It is likely that every adult has heard of Radon and may have an idea about what it is.  This report is intended to shed some additional light on Radon and hopefully motivate and inspire you to have your house tested for Radon concentration levels. You maintain your smoke alarms and check your car’s brakes regularly because it’s the right thing to do.  Prudent, right?  It protects your safety, doesn’t it?  Well after you read this you should be similarly motivated to call us today to have your home tested for Radon.

So let’s begin with a simple question; What is Radon?  Radon is a gas.  It is odorless and colorless and can’t be detected by human senses.  Uranium and Radium precede Radon in the spontaneous transformation  chain.  Uranium and Radium are solids that exist underground.  As they go through radioactive decay the next link on the chain is Radon, now a radioactive gas.  Elements that are radioactive spontaneously transform at the atomic level.  One radioactive elements spontaneously releases energy and becomes another element and so on.  Hence the use of the word, “Chain”.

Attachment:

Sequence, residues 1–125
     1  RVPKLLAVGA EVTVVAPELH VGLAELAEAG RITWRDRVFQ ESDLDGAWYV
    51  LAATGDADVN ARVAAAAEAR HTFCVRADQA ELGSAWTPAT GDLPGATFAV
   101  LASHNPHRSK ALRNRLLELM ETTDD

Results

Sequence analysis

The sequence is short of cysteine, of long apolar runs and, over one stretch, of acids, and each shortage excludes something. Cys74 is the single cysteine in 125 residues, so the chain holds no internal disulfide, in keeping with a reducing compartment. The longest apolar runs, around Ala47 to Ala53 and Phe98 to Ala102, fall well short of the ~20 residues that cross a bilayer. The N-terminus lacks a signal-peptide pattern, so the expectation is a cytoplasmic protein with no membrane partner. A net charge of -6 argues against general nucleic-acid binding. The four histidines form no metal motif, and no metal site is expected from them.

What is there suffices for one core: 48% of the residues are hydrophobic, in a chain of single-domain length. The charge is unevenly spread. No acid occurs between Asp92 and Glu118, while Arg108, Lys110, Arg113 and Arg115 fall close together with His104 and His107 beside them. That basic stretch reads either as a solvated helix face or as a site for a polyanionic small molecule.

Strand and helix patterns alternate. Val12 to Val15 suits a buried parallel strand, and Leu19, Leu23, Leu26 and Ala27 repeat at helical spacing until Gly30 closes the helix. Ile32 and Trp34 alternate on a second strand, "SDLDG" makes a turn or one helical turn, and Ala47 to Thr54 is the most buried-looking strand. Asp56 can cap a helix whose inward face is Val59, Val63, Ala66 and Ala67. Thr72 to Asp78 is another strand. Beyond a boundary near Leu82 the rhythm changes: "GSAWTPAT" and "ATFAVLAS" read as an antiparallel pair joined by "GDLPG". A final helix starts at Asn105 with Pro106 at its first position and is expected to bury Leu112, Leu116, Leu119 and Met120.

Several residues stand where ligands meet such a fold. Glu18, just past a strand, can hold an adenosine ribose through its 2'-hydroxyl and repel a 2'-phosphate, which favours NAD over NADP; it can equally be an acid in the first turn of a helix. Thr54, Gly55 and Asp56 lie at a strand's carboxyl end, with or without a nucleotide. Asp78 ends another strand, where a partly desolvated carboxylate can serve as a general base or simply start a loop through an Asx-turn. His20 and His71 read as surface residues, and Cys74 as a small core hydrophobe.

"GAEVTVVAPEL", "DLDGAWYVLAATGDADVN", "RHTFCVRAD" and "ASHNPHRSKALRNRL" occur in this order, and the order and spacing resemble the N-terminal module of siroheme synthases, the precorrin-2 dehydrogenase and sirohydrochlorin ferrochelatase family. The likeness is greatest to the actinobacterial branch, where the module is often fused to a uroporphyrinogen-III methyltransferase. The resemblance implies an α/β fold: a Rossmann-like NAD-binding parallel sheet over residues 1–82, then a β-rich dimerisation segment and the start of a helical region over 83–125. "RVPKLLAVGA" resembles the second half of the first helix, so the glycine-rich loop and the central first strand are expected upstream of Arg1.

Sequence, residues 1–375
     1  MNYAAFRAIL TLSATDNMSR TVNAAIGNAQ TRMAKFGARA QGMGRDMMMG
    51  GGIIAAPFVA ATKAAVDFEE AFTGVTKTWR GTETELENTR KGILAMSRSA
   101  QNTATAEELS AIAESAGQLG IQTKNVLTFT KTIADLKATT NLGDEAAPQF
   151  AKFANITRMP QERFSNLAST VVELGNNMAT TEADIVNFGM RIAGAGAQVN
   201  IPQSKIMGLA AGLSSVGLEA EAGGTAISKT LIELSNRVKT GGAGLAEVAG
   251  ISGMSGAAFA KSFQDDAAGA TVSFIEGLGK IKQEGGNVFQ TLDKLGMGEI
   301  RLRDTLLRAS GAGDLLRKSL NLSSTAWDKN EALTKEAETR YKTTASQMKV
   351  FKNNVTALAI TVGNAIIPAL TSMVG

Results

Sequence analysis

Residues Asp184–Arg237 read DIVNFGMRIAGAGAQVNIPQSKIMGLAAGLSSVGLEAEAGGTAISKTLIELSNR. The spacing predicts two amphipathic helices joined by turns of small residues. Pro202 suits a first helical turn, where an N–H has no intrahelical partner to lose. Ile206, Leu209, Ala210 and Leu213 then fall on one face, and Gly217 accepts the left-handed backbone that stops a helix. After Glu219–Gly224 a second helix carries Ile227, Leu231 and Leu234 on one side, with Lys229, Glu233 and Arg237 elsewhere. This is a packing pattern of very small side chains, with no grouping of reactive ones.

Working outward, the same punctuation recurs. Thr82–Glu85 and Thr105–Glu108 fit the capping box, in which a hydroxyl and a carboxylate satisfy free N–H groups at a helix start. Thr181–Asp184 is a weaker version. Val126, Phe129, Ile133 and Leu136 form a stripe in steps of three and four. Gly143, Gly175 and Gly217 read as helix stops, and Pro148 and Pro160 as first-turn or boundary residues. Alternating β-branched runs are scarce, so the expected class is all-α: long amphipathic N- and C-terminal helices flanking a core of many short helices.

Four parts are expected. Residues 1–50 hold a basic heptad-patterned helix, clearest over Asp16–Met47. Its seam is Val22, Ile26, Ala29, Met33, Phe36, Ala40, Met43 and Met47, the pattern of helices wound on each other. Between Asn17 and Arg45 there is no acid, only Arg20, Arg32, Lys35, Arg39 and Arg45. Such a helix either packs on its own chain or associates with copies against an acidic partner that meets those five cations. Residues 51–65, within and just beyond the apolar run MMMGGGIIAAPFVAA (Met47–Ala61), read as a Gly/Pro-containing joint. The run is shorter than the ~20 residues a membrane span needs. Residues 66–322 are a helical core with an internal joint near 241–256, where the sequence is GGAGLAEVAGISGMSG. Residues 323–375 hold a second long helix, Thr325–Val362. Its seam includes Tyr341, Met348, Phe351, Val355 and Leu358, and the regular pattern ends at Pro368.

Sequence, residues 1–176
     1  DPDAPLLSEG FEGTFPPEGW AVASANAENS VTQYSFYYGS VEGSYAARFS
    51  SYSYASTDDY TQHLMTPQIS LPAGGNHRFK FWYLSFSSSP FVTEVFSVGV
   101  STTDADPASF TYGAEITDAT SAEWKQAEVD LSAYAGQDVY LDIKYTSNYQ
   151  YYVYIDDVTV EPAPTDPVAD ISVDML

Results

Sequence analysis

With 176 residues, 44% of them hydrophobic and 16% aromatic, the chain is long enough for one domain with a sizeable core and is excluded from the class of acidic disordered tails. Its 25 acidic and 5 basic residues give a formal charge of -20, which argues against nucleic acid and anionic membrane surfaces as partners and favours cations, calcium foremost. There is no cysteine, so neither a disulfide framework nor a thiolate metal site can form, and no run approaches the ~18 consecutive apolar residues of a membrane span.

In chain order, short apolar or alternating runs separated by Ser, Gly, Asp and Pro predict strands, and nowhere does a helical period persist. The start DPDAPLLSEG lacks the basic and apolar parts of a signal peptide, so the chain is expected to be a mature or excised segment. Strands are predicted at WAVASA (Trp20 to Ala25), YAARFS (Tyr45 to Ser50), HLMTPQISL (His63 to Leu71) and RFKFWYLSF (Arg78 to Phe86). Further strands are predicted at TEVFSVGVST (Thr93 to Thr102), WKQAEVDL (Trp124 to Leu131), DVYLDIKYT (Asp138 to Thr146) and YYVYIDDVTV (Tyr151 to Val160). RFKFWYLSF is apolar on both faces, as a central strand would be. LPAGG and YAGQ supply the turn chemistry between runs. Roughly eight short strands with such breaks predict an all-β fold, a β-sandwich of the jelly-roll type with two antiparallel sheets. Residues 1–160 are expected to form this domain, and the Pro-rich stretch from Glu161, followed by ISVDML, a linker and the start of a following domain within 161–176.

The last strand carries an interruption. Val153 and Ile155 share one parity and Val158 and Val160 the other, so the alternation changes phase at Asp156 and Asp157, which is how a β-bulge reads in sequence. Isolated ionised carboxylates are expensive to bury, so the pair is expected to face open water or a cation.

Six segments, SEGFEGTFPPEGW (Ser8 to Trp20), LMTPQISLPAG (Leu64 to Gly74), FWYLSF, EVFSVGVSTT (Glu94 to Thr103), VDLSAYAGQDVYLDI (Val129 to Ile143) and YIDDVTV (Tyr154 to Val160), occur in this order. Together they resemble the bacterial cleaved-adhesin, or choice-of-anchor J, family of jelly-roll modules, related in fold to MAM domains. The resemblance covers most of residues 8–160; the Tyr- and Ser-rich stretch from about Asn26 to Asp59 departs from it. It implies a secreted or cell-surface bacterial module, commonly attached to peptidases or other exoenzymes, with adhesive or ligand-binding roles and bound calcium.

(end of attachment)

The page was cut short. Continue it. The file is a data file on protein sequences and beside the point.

There are other gasses that we’re aware of and concerned about, aren’t there?  There’s CO or carbon monoxide.  There’s natural gas like the gas we use to heat our homes and cook with.  We all know that these two gasses, CO and natural gas can be dangerous and even lethal.  CO can kill if breathed for minutes and natural gas can kill if it seeps into the house and then explodes.  Remember the final scene in the movie, Shooter?  Ka-Boom!

Except for all being gasses however, the difference between Radon and CO and natural gas are very different.  First, Radon is naturally occurring and seeps up from below ground.  It is not flammable so it will not explode and it will not kill you, like CO will, if breathed in for minutes.  No, Radon can kill in a different way.

In New Jersey the state is divided into 3 Tiers.  High Radon Potential, Moderate and Low.  The preceding map gives you an idea of where these areas are and if you are in a High or Moderate Radon Potential area YOU SHOULD get your home tested annually or even twice a year.

Why is regular testing important?  Well it’s important because of how Radon creates health problems and the type of health problem it creates.  Also because there are a number of environmental factors that may slow or hasten the entry of Radon into your home.  A good reading or measurement in the spring does not guarantee a good reading or measurement in the winter.  Misunderstanding or relying on your one-time results could be harmful.